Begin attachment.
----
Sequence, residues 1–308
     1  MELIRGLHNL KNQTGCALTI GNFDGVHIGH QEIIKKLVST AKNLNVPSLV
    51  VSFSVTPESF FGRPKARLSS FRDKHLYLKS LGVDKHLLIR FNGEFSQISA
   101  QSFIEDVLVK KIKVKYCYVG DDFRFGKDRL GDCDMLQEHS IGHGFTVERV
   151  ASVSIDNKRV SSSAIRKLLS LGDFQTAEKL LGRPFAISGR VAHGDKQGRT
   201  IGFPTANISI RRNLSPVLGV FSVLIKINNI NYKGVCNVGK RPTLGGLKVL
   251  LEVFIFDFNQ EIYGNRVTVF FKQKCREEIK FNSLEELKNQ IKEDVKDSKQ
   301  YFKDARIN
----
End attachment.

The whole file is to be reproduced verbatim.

Sequence, residues 1–308
     1  MELIRGLHNL KNQTGCALTI GNFDGVHIGH QEIIKKLVST AKNLNVPSLV
    51  VSFSVTPESF FGRPKARLSS FRDKHLYLKS LGVDKHLLIR FNGEFSQISA
   101  QSFIEDVLVK KIKVKYCYVG DDFRFGKDRL GDCDMLQEHS IGHGFTVERV
   151  ASVSIDNKRV SSSAIRKLLS LGDFQTAEKL LGRPFAISGR VAHGDKQGRT
   201  IGFPTANISI RRNLSPVLGV FSVLIKINNI NYKGVCNVGK RPTLGGLKVL
   251  LEVFIFDFNQ EIYGNRVTVF FKQKCREEIK FNSLEELKNQ IKEDVKDSKQ
   301  YFKDARIN